Here’s How Breastfeeding Might Change Your Vagina
Did you know that breastfeeding temporarily changes your vagina? Breastfeeding mimics menopause by keeping your estrogen levels low. Side effects of low estrogen include vaginal dryness and irritation. Here’s what you can do to avoid painful intercourse or vaginal irritation:
Tip #1: Try using lubricant during sexual intercourse
Tip #2: Talk to your OB provider about topical estrogen cream.
Tip #3: See our recipe downloadable for meal suggestions while breastfeeding.
Working and Breastfeeding
If you have to return to work before or at 6 weeks and are hoping to breastfeed here’s what to do:
- Prioritize 1-2 four hour blocks of sleep right away by having your partner, doula, or night nurse feed the baby overnight.
- You will still need to pump to maintain a milk supply. To do this, and get rest: pump at 8pm, even if the baby just fed. You can keep your pumped breast milk out at room temperature, where it can sit for up to 6 hours. Sleep until midnight and either feed the baby directly or pump. Pump once more at 4-5 am when your milk producing hormones are highest.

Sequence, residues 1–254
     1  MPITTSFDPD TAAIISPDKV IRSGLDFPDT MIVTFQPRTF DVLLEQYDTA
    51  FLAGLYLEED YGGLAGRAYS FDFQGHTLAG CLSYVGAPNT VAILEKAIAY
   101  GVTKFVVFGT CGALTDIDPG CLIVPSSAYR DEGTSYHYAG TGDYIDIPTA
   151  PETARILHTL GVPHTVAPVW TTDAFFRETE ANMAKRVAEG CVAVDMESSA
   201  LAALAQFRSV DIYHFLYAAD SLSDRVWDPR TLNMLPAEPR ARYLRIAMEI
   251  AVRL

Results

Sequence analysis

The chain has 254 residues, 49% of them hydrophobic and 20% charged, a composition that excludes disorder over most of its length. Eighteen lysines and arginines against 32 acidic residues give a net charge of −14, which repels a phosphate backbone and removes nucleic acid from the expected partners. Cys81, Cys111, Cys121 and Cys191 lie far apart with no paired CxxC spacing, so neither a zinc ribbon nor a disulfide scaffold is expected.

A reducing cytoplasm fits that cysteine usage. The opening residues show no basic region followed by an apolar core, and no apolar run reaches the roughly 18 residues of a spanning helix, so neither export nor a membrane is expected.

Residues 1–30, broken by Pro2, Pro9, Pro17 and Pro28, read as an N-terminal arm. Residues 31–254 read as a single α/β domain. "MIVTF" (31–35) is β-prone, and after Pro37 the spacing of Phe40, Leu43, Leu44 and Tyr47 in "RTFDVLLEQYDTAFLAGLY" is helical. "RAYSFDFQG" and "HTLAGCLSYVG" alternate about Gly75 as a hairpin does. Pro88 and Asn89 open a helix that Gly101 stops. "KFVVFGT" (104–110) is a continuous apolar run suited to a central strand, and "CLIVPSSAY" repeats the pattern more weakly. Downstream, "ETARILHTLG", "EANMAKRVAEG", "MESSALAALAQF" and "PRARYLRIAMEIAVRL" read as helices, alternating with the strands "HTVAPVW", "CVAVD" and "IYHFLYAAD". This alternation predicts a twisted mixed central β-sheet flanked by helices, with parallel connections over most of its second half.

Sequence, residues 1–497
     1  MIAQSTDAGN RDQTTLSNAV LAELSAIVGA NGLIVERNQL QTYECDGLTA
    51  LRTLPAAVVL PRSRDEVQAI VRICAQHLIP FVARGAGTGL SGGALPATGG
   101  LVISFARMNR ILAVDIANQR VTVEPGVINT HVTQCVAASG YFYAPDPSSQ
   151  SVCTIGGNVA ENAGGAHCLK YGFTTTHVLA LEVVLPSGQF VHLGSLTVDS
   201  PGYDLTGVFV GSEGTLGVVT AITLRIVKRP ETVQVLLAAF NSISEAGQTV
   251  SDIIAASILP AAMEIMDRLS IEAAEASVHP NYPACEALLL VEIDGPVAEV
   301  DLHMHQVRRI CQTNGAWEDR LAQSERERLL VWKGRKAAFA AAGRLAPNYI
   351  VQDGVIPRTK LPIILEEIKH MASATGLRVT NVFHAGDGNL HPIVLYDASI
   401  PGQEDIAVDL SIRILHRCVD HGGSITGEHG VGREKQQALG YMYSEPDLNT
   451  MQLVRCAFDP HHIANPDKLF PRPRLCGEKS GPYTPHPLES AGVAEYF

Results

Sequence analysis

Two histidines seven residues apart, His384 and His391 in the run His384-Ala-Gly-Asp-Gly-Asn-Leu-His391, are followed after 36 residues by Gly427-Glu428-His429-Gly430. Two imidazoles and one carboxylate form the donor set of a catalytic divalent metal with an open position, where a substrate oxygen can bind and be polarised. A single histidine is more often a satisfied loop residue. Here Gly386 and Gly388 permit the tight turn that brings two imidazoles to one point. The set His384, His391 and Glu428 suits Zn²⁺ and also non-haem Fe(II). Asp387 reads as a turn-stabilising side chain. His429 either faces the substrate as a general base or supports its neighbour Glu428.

- If the number of times your baby ate overnight is more than the number of times you pumped, makeup the missed feeding sessions by pumping an hour before or 30 minutes after your baby breastfeeds.
If you get your pump delivered while you’re still pregnant, bring it with you to the hospital. You can ask a nurse or lactation consultant for instructions. Here are a few tips to make sure your pump is working for, and not against, you!
- Make sure you have the right flange size.
- Experiment with pump settings; you don’t want suction set too low or high.
- Start pumping between 2- 4 weeks if returning to work by 12 weeks.
- Realistically, if you work traditional hours, like 9-5, you will only need 2-4 days worth of milk before returning to work. A baby requires 25-30oz of milk per day between 0-6 months.